Catch a connecting flight? Spain prohibits internal air transport to the territory. Yes, one can take a train south to Malaga, somewhat nearby. But then there's the necessity of a rental car to complete the trip.

We decided to drive straight through -- itself a bit of a challenge when you start approaching the destination. There's seemingly no end to Spain's petulance over Gibraltar. There's a road to the Rock, but no road signs until you arrive at La Linea de Concepcion, Gibraltar's Spanish border town. Never mind. The Rock shoots up straight, can't be missed, and is the ultimate landmark.

Formalities at the border crossing were surprising smooth. In fact, the Spanish passport control agent was delightful. Her gruff boss was another matter. You want your passports stamped? Are you kidding, buster, was the attitude.

The colony has the appearance of many of Britain's possessions in the Caribbean. Think, Nassau for one. Tourism is less of a factor, though, as Gibraltar is still is an important British naval base. Otherwise it just seems to be a hangout for ex-pat Brits, many ex-military who know the place from tours of duty.

One such agreeable bloke was John, who, with his mates, were downing a continuous flow of pints at the Trafalgar, a happening pub in the town centre.

 'How did you wind up here?' I asked John. 'I married an indigenous,' he replied.
'A what?'

'A native girl,' he explained. 'She was born here.'

I turned to some youths -- minus pint mugs -- who were tossing about a soccer ball nearby.

'You guys enjoy it here?' I inquired.

'It's awright,' one responded.

'What to do you?'

'Nothing much.'

Even upon entering Gibraltar, we sense there was something was dodgy about the place. Immediately after passport control, the road crosses the airport's main runway, Right! Any incoming? Fortunately, vehicular barriers, like those at train crossings, lower when the morning flight from London comes in.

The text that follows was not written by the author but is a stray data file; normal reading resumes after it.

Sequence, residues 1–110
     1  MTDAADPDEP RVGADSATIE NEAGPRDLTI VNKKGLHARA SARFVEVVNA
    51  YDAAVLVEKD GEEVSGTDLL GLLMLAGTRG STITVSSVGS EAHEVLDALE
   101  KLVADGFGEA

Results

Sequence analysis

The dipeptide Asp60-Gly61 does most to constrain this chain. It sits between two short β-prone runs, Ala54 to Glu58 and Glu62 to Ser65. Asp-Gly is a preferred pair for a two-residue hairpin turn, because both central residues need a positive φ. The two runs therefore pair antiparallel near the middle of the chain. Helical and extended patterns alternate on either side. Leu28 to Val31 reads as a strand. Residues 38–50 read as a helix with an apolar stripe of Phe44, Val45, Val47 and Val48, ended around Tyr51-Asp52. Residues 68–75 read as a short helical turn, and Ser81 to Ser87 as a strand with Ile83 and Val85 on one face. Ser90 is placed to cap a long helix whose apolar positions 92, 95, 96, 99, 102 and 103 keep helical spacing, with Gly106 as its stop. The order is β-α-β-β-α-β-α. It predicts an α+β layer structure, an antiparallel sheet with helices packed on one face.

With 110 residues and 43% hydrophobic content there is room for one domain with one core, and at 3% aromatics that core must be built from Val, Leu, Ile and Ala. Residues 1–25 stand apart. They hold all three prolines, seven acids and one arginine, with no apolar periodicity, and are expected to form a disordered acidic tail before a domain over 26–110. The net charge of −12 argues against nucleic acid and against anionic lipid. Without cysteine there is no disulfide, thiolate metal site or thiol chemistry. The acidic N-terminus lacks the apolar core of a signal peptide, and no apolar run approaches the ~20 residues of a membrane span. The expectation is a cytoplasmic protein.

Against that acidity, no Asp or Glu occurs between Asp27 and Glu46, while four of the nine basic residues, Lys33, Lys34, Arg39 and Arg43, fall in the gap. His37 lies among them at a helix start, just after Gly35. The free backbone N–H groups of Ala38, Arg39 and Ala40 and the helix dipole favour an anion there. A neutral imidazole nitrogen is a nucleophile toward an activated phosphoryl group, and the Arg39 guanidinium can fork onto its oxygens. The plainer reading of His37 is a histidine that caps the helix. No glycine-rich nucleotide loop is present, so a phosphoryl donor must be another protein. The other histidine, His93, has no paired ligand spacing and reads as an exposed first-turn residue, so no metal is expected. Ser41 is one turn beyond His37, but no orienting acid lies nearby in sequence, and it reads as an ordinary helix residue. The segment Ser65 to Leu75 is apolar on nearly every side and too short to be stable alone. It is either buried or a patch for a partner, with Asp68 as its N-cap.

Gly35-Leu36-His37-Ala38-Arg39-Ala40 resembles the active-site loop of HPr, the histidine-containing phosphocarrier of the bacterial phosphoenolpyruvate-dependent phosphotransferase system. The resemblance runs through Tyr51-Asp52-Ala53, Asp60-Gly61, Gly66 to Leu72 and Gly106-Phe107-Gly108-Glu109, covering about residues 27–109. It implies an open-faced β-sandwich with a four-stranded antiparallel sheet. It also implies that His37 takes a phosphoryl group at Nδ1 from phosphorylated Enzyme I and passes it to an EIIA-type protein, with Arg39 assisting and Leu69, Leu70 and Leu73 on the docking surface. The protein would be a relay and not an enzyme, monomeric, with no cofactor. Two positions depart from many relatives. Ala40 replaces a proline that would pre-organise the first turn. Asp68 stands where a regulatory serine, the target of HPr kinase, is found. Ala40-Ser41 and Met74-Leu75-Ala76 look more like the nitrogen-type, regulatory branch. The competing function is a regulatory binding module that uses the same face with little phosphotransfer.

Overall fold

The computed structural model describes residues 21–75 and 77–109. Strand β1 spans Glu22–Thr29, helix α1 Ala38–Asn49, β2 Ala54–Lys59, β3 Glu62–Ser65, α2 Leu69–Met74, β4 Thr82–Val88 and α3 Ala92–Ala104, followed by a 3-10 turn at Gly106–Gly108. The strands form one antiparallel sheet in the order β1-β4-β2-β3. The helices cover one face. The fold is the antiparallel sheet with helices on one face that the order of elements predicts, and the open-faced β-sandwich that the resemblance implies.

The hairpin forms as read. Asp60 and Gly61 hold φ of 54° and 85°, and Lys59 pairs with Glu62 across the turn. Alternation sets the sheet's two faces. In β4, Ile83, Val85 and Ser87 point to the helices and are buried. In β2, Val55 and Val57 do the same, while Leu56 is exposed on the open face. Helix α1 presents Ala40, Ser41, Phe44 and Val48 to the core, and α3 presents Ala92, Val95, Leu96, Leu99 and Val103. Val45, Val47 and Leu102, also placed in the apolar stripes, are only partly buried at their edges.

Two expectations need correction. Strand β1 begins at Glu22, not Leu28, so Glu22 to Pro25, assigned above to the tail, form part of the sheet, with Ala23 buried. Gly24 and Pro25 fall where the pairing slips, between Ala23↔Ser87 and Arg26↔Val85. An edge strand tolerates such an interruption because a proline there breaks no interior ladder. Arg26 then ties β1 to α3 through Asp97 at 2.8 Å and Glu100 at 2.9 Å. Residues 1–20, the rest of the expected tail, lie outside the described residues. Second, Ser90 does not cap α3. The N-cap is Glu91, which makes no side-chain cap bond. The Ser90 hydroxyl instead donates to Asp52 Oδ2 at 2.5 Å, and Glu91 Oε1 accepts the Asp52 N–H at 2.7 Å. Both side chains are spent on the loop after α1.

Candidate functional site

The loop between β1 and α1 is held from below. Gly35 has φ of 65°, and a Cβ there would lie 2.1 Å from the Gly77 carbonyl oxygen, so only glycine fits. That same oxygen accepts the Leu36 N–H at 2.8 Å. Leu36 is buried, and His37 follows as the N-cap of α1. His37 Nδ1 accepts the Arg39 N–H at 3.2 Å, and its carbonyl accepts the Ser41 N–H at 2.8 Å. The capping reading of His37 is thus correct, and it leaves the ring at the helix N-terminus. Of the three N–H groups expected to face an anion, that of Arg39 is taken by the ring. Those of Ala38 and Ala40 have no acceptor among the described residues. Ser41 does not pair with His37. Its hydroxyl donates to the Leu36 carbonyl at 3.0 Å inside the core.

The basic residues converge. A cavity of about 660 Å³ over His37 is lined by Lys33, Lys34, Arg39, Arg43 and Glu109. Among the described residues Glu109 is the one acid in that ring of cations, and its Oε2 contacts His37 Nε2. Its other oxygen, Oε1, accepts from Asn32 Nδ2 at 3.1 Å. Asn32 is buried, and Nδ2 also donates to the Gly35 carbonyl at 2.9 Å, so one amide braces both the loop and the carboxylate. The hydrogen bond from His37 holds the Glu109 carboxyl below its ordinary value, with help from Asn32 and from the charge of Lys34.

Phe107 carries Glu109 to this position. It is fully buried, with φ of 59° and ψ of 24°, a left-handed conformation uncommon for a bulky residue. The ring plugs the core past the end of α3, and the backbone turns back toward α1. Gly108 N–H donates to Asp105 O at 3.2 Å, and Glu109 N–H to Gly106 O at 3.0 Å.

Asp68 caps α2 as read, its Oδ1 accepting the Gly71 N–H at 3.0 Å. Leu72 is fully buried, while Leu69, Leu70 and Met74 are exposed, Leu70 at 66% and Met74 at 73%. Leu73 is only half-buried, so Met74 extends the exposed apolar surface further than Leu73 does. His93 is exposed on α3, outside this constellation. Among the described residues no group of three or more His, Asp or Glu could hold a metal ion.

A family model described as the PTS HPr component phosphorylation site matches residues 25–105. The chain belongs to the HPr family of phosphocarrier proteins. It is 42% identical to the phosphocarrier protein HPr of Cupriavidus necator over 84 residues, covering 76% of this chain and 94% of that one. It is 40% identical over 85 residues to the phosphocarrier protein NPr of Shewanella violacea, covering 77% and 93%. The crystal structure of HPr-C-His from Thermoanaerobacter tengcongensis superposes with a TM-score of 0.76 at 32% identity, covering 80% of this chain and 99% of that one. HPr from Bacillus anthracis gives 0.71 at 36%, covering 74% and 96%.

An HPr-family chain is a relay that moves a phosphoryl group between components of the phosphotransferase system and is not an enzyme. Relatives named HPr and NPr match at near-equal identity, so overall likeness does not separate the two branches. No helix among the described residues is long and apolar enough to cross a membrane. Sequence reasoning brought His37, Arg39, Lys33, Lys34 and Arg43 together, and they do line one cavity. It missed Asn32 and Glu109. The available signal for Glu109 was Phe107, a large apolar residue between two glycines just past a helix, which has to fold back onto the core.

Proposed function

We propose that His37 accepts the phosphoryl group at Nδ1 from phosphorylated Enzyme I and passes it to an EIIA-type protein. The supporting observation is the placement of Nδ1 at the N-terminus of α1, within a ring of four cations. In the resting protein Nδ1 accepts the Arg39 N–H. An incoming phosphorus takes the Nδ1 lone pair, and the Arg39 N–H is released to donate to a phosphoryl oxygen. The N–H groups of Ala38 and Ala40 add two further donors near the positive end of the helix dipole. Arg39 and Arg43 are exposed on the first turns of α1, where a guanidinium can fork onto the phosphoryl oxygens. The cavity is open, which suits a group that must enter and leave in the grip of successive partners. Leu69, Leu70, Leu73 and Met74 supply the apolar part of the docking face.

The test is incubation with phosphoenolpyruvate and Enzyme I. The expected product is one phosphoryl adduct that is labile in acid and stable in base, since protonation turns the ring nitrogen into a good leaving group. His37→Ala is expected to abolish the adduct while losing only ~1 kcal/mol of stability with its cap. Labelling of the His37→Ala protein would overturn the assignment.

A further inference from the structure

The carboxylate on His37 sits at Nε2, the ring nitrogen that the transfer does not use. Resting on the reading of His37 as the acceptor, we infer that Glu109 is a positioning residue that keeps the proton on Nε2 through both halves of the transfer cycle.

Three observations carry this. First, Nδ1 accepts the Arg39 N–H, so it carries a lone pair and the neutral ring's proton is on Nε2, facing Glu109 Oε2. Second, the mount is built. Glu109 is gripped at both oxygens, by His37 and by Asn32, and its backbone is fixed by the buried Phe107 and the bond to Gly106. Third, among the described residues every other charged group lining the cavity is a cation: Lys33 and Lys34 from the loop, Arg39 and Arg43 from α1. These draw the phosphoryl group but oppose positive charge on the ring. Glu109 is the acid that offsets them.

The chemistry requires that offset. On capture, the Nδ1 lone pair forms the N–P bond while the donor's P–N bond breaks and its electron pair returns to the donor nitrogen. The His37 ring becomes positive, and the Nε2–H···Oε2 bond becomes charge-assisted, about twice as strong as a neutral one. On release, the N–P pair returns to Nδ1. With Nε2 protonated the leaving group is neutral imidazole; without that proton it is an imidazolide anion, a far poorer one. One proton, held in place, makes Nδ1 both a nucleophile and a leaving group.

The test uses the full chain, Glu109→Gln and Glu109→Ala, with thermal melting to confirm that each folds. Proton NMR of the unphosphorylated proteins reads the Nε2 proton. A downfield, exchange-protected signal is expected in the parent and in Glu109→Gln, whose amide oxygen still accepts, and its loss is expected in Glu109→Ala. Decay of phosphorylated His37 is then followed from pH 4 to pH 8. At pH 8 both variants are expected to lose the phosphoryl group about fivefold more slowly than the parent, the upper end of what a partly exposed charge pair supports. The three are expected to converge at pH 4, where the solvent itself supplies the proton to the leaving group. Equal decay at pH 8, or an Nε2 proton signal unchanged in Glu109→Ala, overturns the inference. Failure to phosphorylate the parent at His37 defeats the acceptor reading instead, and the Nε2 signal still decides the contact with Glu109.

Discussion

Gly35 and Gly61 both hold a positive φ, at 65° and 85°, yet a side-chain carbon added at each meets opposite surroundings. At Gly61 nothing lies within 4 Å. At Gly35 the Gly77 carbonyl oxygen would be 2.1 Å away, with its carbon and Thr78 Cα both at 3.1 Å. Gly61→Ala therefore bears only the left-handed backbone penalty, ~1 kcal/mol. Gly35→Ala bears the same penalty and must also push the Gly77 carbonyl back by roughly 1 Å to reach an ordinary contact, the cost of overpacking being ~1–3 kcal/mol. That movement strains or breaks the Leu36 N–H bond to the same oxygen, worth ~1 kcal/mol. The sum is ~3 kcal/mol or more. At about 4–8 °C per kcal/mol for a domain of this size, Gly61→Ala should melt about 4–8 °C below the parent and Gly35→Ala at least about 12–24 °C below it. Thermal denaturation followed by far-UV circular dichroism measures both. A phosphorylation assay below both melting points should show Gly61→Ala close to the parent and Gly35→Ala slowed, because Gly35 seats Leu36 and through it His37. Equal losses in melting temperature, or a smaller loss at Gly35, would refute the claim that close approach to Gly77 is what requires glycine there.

'Nice coat,' John added, as Justin and I were departing the Trafalgar.


'Your coat. Its from Barbour.'

I didn't have to ask him what he thought about Spain's claim to his wife's birthplace.

Late that afternoon, we started driving to Algeciras, the nearby port town, for the 45-minute ferry ride to Ceuta -- and North Africa.

As Gibraltar is a bit of Olde England colonial, Ceuta, consisting of a 22-square-kilometre peninsula, is reminiscent of many of coastal resorts on mainland Spain. Beaches, shopping, fishing, and sailing dominate in its historical setting, a mix of ancient Arab, Portuguese, Spanish and Jewish cultures. And now dominated by Spanish tourists. 

And an influx of Moroccan illegal aliens, many of whom climb over fences that impede -- but never seem to quite prevent -- their migration to the fruits of a European Union sanctuary.

'That unfortunately is what we're known for in the international press,' a tourism official named Toni told me.

Adding to the turmoil, the Moroccan government continues to champion the repatriation of Ceuta to its jurisdiction.

Like the Spanish claim to Gibraltar, maybe? Actually, more like Alaska. Consider if Russia wanted the return of the 49th state by voiding Fulton's Folly.

Stalemate. Anger. And hours-long lines to cross the border to and from Morocco by vehicle.

On the morning that our ferry departed to return to mainland Spain, we learned that there's even more trouble in paradise: Islamic jihadists.

The local paper, El Pueblo, reported that  a 58-year-old male terrorist was arrested overnight in Ceuta by the national police, as part of coordinated sweep that netted seven jihadists in all.